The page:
Shutterstock / chuyuss
Shutterstock / chuyuss




December 11, 2016 marks the 15th anniversary of China joining the WTO. This also means that Article 15(a)(ii) of the Chinese accession protocol expires. From a Chinese point of view, the People’s Republic should therefore be treated as a country with market economy status (MES) in EU anti-dumping cases. This would make it more difficult for the other WTO member states to impose anti-dumping duties on Chinese products. In the EU, the handling of this situation has therefore not been without controversy. Less disputed, on the other hand, is the fact that China’s economic system is not a market economy. This, however, has little to do with awarding market economy status. The MES has so far been relevant for determining protective tariffs in the EU anti-dumping regulation. If the MES is to be abolished in the future, it will be crucial for the EU to retain effective anti-dumping instruments to protect EU firms against unfair competition – independent of the country of origin.


In November 2016, the EU Commission made a proposal to amend current anti-dumping regulations: Following the proposal, the differentiation between market economy status (MES) and non-market economy status is to be abolished. Instead, future anti-dumping procedures are to be carried out country-neutral. The Commission appears to be confident that protection against dumped export will be sufficient under the new regulation, too. The new regulation would allow for more leeway in imposing higher anti-dumping duties in case of “the existence of significant distortions” in the exporting country induced by state intervention.


The proposal has been submitted to the European Council and the European Parliament. But no agreement has been made public so far. A particularly sensitive issue is the compatibility of the proposal with WTO law. China has already announcedthat it will not make any compromise in this regard. Beyond these legal issues, there also is the question of economic effects, which may make it more difficult for the EU to address dumping of Chinese exports.


Figure 1: Chinese exports to EU member states


Source: cepii BACI world trade database and calculation ifo


EU-China trade relations: relatively speaking, dumping is a minor issue


China has become one of the major trading partners of the EU since the Chinese accession to WTO. In 2015, the bilateral trade volume amounted to around USD 521 billion, putting China in second place after the USA. The other way round, the EU is China’s largest trading partner worldwide. The 28 member states of the EU, however, boast very different production structures and specializations. Therefore trade relations between China and the EU member states are extremely heterogeneous. The same is true for the level of interest in regard to trade policy. Differences among member states became very clear during the debate on how to deal with the issue of China’s market economy status. Fact is though that China not being part of European production networks is inconceivable today.  This is shown by the high proportion of intermediate goods which the Chinese import into the EU, amounting on average to around 38 percent in 2014. For Germany it was 32 percent. In some Eastern European countries, such as Hungary or Romania, it was over 50 percent. Cost-effective Chinese intermediate goods offer a significant cost advantage for individual countries and sectors. Trade with China thus strengthens the competitiveness of local business sites. Nevertheless, the anti-dumping (AD) procedures of the EU against China between 2000 and 2014 increased from 28 to 50, accounting for approximately 47 percent of the total 108 EU procedures currently in place. This makes China the country with the most EU AD cases. Yet only three percent of total Chinese exports to the EU are affected. For individual sectors, this figure is higher: 10-15% in the metal sector for example. Chinese exports in this sector are also affected to a disproportionately high extent by AD procedures. It therefore is not surprising that the lobby against Chinese Dumping is especially strong here. This was demonstrated as well by protests of steel workers in Brussels in November this year.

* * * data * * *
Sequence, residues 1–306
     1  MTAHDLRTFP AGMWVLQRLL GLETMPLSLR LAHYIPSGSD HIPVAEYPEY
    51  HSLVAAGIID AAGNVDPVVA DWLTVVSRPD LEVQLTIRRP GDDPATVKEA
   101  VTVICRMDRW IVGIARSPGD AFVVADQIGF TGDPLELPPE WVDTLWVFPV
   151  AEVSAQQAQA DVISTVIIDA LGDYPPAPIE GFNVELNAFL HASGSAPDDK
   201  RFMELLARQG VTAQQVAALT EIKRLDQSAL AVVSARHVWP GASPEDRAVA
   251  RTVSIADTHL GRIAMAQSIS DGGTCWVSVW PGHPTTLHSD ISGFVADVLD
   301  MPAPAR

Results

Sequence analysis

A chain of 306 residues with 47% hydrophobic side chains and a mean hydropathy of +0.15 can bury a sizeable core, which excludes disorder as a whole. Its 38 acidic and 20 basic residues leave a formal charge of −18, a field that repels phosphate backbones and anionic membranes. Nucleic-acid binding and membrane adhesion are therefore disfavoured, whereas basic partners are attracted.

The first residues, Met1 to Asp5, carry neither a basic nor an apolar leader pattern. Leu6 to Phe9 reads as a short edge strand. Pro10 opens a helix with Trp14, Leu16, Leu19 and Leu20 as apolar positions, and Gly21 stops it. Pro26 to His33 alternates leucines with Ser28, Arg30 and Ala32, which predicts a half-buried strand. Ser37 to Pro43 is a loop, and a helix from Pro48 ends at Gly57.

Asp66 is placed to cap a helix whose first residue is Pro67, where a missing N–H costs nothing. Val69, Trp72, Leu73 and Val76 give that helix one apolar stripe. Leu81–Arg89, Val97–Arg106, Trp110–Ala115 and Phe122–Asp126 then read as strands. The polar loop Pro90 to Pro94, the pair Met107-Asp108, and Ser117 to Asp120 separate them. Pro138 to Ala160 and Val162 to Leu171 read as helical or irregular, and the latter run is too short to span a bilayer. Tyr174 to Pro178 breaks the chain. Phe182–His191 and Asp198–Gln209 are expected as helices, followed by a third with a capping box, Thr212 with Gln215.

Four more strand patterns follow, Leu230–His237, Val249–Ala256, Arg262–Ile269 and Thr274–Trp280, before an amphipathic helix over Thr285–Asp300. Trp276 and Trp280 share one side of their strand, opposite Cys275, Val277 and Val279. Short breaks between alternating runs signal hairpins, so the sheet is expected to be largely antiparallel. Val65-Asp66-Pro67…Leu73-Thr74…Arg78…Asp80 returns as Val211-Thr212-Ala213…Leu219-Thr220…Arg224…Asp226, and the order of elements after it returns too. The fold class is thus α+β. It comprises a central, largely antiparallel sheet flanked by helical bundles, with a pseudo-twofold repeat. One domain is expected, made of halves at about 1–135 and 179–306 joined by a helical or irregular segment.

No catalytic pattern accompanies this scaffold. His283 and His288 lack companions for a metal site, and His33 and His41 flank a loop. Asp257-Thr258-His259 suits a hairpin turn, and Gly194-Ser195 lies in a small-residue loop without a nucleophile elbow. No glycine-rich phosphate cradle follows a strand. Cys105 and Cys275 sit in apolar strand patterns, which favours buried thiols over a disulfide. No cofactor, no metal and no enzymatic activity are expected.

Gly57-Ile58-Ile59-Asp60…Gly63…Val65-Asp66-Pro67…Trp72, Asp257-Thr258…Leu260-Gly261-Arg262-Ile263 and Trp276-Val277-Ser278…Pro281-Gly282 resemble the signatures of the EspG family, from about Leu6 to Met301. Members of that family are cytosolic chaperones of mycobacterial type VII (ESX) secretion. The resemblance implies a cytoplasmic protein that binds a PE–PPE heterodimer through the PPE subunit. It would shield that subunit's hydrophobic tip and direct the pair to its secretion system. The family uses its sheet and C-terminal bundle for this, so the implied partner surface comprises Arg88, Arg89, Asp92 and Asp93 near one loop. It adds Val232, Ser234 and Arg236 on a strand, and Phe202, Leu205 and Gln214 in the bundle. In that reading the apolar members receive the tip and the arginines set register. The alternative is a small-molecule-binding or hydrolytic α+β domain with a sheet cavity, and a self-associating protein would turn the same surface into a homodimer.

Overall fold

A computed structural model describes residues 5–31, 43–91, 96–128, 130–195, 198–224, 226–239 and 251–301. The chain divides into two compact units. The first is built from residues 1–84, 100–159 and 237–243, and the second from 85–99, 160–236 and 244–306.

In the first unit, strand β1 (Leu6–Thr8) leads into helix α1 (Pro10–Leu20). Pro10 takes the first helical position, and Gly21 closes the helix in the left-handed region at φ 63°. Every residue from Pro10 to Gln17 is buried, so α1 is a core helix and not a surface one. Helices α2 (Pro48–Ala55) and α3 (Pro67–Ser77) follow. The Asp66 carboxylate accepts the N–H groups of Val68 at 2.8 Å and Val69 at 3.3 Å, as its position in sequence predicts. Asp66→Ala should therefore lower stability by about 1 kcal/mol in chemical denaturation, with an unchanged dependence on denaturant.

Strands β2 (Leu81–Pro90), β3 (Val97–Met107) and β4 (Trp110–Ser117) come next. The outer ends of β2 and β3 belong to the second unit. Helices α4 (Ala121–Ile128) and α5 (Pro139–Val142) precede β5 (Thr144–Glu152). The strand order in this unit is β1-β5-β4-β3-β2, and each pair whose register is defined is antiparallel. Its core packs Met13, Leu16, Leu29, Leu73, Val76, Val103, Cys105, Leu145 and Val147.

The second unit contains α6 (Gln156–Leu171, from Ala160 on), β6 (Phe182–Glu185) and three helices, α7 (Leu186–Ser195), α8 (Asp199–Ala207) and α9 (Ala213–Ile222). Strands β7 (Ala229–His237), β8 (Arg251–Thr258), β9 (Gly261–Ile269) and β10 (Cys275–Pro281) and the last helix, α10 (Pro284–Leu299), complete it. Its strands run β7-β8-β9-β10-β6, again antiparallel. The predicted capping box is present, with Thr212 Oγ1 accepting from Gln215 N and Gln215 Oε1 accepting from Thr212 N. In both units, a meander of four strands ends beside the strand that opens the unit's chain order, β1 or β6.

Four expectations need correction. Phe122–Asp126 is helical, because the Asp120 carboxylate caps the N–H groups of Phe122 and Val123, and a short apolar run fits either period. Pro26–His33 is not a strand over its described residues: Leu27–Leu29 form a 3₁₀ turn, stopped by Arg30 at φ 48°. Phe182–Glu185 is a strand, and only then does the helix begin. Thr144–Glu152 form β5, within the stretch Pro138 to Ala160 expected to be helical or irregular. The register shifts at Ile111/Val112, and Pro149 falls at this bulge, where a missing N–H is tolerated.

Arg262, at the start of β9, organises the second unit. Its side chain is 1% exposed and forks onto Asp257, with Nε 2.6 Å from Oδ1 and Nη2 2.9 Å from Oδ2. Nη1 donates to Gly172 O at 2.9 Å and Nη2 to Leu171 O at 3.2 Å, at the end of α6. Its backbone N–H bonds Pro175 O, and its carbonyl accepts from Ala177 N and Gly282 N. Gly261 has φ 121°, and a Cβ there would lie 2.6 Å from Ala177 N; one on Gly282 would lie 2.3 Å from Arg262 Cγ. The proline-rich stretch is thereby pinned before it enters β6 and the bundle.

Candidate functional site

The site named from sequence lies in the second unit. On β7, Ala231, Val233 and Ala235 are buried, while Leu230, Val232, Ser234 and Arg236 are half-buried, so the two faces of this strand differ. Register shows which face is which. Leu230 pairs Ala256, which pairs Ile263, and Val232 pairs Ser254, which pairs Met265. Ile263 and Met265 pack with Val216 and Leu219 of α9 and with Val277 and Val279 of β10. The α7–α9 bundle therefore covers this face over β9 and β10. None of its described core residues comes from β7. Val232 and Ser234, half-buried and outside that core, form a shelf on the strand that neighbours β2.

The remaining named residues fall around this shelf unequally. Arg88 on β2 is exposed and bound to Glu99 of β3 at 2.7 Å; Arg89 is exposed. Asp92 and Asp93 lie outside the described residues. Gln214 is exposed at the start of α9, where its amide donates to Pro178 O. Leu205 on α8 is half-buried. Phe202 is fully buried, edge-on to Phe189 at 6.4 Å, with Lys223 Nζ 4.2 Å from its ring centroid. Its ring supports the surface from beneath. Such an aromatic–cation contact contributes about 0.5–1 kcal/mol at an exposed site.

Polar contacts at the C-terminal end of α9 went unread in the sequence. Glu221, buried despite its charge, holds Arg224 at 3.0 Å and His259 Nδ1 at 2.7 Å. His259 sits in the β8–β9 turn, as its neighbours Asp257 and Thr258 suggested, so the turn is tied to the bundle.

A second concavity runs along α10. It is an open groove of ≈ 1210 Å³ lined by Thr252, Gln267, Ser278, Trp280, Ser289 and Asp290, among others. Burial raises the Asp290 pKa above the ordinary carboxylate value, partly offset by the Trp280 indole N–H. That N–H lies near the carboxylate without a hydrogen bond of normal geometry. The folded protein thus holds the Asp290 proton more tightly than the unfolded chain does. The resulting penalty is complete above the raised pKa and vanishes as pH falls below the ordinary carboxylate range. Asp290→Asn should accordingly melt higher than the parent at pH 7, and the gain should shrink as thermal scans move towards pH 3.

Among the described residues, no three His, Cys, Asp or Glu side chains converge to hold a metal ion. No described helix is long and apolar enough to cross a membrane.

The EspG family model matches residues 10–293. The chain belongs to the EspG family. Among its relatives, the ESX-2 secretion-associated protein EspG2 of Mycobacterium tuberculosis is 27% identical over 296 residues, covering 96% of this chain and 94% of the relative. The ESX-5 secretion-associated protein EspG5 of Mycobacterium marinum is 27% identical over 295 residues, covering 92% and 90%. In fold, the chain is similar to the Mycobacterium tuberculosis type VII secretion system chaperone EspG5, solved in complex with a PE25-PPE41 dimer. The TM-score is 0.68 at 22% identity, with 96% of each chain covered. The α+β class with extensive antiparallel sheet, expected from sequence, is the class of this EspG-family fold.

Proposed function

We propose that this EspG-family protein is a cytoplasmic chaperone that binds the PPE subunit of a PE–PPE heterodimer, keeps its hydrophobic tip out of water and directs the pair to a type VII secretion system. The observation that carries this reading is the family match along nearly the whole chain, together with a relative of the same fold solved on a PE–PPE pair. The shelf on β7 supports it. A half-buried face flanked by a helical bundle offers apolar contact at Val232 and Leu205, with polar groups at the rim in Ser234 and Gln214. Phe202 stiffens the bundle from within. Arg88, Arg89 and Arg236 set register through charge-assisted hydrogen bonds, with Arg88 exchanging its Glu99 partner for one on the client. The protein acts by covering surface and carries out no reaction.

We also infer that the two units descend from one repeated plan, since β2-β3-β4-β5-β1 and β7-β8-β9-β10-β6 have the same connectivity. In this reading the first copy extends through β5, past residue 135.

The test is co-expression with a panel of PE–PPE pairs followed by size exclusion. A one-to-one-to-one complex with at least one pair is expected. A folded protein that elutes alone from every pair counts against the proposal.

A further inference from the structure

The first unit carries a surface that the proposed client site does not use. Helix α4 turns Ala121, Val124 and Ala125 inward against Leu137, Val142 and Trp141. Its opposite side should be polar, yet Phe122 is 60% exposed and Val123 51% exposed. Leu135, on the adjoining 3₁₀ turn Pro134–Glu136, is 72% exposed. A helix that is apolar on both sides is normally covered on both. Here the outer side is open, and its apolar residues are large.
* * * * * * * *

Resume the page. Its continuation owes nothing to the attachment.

Figure 2: Share of intermediate goods in imports from China, 2014


Source: cepii BACI world trade database and calculation ifo


Anti-dumping duties: effects not solely positive